System Center Operations Manager 2007 R2 (SCOM) is the platform monitoring and reporting solution from Microsoft. SCOM provides end-to-end service management that includes monitoring, troubleshooting, and reporting tools. SCOM uses the concept of management packs to extend the base framework for specific applications, such as Exchange 2010. A management pack includes all of the rules, knowledge, reports, and tasks needed to monitor a product. SCOM has management packs for all of Microsoft’s server products, and even sub-components such as DNS. The Exchange 2010 management pack has a complete health model and diagnostic alerts, and service-level reports needed to smoothly operate Exchange. Although SCOM itself requires licensing, the management Microsoft management pack for Exchange 2010 is free. The latest management pack includes several new features, described in the following sections.
1. Alert Correlation
A Windows service called the Correlation Engine finds dependencies encoded in the health model to determine root cause. It uses the class hierarchy defined in the Exchange MP to understand dependencies. For example, if Active Directory goes offline, it will also report that Exchange is not fully functional. This significantly reduces the noise that was an issue in earlier versions of SCOM.
It is recommended that you install the Correlation Engine on the SCOM Root Management Server (RMS). There is a performance impact to the RMS, because much of the information must be held in memory to determine the related monitors and alerts. It is estimated that the engine requires about 5 MB per Exchange instance that is being monitored.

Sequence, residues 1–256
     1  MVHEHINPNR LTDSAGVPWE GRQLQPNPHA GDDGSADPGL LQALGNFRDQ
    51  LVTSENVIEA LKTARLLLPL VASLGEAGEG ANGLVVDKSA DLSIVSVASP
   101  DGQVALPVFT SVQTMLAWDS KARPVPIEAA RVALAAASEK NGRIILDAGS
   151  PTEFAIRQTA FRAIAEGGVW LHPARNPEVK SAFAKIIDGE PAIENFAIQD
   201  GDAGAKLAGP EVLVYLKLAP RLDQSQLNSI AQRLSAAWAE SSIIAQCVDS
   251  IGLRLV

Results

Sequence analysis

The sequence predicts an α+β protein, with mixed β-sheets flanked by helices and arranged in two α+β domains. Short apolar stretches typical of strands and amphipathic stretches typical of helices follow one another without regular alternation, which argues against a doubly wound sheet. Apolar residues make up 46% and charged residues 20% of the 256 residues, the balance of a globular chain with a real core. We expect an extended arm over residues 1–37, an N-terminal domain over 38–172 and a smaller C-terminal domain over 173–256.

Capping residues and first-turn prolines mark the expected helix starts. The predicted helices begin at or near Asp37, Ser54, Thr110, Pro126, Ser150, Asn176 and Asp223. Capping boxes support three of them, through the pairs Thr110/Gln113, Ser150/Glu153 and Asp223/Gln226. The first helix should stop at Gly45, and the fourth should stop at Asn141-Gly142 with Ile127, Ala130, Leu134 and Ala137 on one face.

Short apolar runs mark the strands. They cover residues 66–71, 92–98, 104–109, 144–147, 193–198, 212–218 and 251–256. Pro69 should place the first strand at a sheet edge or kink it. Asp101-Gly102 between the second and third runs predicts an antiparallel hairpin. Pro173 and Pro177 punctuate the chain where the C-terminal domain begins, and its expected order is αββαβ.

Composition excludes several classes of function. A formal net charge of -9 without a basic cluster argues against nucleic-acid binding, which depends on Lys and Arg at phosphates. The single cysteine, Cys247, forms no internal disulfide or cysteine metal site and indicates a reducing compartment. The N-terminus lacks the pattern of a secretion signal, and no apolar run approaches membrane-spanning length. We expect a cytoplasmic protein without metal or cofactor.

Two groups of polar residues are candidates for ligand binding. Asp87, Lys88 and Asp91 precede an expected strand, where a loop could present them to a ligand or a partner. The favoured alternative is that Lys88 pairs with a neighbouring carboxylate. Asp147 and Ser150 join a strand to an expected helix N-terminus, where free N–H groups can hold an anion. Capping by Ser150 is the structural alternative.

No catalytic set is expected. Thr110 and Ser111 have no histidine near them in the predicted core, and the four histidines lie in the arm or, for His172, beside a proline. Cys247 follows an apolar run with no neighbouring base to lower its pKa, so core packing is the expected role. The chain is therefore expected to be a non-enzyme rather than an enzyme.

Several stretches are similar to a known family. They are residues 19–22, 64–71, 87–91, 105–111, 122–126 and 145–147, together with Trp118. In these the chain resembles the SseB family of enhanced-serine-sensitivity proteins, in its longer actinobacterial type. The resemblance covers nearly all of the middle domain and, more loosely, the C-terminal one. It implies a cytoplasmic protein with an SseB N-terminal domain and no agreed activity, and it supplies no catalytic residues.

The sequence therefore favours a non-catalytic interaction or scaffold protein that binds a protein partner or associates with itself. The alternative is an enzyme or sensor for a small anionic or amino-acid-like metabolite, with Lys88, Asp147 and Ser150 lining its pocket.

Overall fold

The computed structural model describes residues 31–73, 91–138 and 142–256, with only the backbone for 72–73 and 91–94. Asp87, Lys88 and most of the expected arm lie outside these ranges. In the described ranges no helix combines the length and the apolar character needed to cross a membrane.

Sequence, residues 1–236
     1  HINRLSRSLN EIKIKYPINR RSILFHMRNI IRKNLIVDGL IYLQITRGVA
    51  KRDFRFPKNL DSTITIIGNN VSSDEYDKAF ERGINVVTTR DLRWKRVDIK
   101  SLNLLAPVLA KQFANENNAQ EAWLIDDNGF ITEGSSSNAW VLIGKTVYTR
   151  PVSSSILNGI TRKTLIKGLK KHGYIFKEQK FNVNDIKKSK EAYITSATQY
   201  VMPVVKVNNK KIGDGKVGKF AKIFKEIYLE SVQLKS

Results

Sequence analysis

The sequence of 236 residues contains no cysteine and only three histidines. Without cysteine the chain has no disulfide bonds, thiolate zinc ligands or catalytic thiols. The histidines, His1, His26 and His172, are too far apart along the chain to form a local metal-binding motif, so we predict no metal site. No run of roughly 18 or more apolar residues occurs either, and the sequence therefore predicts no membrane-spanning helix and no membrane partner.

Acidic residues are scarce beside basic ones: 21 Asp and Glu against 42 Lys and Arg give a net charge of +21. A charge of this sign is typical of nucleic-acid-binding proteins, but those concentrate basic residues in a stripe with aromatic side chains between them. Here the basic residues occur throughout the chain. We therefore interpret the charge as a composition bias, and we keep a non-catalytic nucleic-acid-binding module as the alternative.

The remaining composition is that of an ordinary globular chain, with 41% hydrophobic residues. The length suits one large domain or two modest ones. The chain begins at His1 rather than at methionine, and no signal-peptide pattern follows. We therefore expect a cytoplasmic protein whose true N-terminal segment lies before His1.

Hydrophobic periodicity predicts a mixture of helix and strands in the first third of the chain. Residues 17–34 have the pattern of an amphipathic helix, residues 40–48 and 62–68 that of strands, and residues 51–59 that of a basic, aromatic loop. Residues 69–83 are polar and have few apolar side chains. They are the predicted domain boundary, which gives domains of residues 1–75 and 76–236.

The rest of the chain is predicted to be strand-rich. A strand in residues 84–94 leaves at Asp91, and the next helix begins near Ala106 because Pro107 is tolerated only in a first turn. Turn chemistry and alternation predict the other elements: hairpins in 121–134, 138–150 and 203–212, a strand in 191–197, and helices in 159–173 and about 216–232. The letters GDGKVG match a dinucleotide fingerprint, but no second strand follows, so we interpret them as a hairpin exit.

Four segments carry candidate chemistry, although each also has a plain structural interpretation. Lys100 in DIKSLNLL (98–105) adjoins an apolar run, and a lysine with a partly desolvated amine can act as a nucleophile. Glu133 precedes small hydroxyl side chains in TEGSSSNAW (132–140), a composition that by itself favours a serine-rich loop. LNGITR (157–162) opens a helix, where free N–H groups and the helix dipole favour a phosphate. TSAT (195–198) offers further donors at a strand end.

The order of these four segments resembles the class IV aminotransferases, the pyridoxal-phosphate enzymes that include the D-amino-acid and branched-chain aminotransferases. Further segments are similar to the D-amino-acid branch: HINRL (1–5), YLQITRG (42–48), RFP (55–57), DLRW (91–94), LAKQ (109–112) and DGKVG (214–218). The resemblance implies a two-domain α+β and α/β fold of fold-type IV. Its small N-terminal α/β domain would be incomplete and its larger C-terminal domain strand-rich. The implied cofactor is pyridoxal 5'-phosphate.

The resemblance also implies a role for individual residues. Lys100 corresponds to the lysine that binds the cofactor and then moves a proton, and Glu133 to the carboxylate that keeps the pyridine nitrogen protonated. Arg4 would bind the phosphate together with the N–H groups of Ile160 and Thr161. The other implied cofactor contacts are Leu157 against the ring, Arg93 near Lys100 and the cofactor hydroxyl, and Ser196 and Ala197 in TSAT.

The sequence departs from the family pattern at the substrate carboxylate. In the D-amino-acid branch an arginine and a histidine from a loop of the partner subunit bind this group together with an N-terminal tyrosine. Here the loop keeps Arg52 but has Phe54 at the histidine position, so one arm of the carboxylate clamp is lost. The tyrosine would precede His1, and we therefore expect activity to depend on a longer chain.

2. Alert Classification
Alerts are put into three categories:
3. Full Protocol Synthetic Transaction Coverage
SCOM uses the native Exchange diagnostic cmdlets to simulate user transactions or protocol tests. Table 1 shows the synthetic transactions available in the Exchange 2010 management pack. These cmdlets can also be called directly from PowerShell and do not require SCOM.
The Exchange MP now includes mail flow statistics based on the message tracking logs. Figure 1 shows a sample report for mail flow statistics.
Figure 1. Sample SCOM mail flow report
Service-oriented reporting is for measuring applications or features, not just the host. It is interesting to note how SCOM calculates availability information. Figure 2 shows a sample availability report.
Figure 2. Sample SCOM availability report
Table2 shows how System Center calculates availability information.
Notes From The Field: Exchange and SCOM: Better Together
I had an interesting experience with the Exchange Management Pack in my last customer project. After planning and implementing Exchange Server in their environment, they also wanted a monitoring and reporting solution, so we decided to use System Center Operations Manager for that job.
The installation of the Exchange Management Pack (MP) was very easy, and shortly after we installed the pack it started to bring up alerts on specific items such as large queues and delivery notifications. Because of the fact that the alert also included information on how to solve the issue, it was quite easy to get rid of the alerts.
Every Exchange administrator wants a smooth-running Exchange deployment. We did our best to make sure that our deployment was well-tuned by running ExBPA and other tools. An important lesson I learned from this experience was that SCOM revealed a whole new level of detail about Exchange, and pointed out things that we needed to take care of to achieve a better operating environment. SCOM and the Exchange MP really proved their value to me in this respect.